A novel model for the domestication of small-seeded grain crops
Spengler and Mueller have been interested in plant domestication since graduate school, when they studied under Dr. Gayle Fritz, one of the first scholars to recognize the importance of the American Midwest as a center of crop domestication. Despite decades of research into the nature of plant domestication in North America, no one recognized that the true key was the massive bison herds. The plants that were domesticated, which Mueller calls the "Lost Crops," would have been dispersed by bison in large swaths, making them easy to collect by ancient people, and perhaps encouraging these communities to actively plant them themselves. When Europeans exterminated the herds, the plants that relied on these animals to disperse their seeds began to diminish as well. Because the wild ancestors of these lost crops are rare today and the bison herds are effectively extinct, researchers have overlooked this important coevolutionary feature in the domestication process.
However, this process is not unique to the American Midwest, and the researchers suggest that there may be links between buckwheat domestication and yak herding in the Himalayas and amaranth domestication and llama herding in the Andes. The authors have identified parallel patterns in rangeland ecology studies, noting that heavy herd animal herbivory can homogenize vegetation communities. For example, heavy pastoralist grazing in the mountains of Central Asia causes many plants to die, but certain plants with adaptations for dispersal by animals thrive. The depositing of plant seeds in nutrient-rich dung leads to ecological patches, often called hot spots, that foragers can easily target for seed collecting.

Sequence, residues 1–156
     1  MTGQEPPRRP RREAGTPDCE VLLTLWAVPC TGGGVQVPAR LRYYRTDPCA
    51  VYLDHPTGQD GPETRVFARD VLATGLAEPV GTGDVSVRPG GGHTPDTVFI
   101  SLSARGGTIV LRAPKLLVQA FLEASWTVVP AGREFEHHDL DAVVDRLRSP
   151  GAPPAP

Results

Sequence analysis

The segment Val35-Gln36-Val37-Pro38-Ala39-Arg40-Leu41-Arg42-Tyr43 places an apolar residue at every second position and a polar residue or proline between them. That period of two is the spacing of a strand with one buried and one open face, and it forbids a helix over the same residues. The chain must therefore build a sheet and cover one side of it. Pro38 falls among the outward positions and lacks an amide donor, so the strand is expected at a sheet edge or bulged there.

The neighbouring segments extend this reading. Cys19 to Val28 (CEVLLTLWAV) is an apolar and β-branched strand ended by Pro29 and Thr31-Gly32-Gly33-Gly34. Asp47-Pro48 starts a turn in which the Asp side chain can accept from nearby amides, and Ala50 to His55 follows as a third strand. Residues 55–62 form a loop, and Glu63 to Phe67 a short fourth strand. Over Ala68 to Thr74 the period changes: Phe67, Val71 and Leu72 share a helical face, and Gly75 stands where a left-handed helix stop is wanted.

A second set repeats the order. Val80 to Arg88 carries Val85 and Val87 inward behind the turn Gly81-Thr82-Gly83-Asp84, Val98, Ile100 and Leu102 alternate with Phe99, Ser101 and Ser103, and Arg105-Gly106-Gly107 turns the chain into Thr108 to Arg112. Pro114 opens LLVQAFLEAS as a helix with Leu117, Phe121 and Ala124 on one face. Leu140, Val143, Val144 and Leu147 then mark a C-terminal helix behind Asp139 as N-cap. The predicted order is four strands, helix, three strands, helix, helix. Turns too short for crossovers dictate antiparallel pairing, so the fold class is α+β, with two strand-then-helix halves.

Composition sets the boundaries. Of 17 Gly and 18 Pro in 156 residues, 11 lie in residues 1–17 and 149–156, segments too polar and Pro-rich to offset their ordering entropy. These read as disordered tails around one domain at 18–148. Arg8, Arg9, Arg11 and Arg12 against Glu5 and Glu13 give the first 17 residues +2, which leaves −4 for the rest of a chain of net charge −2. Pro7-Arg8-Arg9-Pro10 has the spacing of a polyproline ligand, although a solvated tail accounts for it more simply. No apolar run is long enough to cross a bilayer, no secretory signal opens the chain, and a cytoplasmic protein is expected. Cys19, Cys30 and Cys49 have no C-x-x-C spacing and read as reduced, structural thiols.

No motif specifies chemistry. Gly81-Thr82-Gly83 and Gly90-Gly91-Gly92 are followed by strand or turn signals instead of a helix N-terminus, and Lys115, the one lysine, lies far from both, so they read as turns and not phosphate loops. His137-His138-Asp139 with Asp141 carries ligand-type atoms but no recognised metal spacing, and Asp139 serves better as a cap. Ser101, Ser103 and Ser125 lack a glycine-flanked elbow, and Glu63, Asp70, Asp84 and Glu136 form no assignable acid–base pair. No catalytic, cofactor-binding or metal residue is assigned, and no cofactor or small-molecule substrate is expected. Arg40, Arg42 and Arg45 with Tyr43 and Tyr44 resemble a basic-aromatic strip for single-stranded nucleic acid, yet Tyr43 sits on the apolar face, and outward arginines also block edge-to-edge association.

For over a century, scholars have debated why early foragers targeted small-seeded annuals as a major food source (eventually resulting in their domestication). Today, the progenitors of many of these crops have highly fragmentary populations and several are endangered or extinct. Likewise, without large, dense homogenous stands of these plants in the wild, such as what exists in the wild for the progenitors of large-seeded cereal crops, it would have been impossible to harvest their seeds. The conclusions that Spengler and Mueller draw explain why people targeted these plants and were able to domesticate them. "Small-seeded annuals were domesticated in most areas of the world," explains Spengler. "So the ramifications of this study are global-scale. Scholars all over the world will need to grapple with these ideas if they want to pursue questions of domestication."
Spengler and Mueller are continuing their research into the role that grazing animals played in plant domestication. "Currently, we're studying the ecology of fields where modern herd animals graze as proxies to what the ecology would have looked like during the last Ice Age, when large herds of bison, mammoths, and woolly horses dictated what kinds of plants could grow across the American Midwest and Europe," explains Spengler. "We hope these observations will provide even greater insight into the process of domestication all over the world."
Journal information: Nature Plants
Provided by Max Planck Society